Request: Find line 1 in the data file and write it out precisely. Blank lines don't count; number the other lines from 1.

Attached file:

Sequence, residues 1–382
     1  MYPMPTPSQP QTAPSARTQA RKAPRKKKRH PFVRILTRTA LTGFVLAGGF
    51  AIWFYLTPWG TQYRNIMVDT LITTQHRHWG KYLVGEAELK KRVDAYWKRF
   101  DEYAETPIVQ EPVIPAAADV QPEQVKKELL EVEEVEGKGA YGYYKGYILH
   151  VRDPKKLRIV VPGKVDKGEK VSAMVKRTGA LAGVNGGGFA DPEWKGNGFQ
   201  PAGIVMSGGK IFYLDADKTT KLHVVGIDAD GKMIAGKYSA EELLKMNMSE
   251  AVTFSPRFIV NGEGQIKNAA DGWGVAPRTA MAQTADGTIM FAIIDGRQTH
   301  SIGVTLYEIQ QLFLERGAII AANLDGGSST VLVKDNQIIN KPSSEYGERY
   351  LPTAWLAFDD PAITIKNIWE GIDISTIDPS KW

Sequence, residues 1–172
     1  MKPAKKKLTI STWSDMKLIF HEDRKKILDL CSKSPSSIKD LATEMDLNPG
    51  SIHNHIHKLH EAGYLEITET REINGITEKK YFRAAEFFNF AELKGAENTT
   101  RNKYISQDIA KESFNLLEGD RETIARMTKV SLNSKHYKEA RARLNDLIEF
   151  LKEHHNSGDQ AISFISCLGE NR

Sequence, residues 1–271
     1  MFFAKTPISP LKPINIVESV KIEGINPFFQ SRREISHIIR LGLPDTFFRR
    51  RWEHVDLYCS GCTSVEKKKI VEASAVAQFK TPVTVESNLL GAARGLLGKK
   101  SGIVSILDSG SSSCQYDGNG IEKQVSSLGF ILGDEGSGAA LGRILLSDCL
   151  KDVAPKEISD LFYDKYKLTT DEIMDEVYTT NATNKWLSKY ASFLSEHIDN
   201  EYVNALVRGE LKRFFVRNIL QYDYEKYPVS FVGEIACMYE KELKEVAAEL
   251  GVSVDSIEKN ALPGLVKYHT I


Sequence, residues 1–382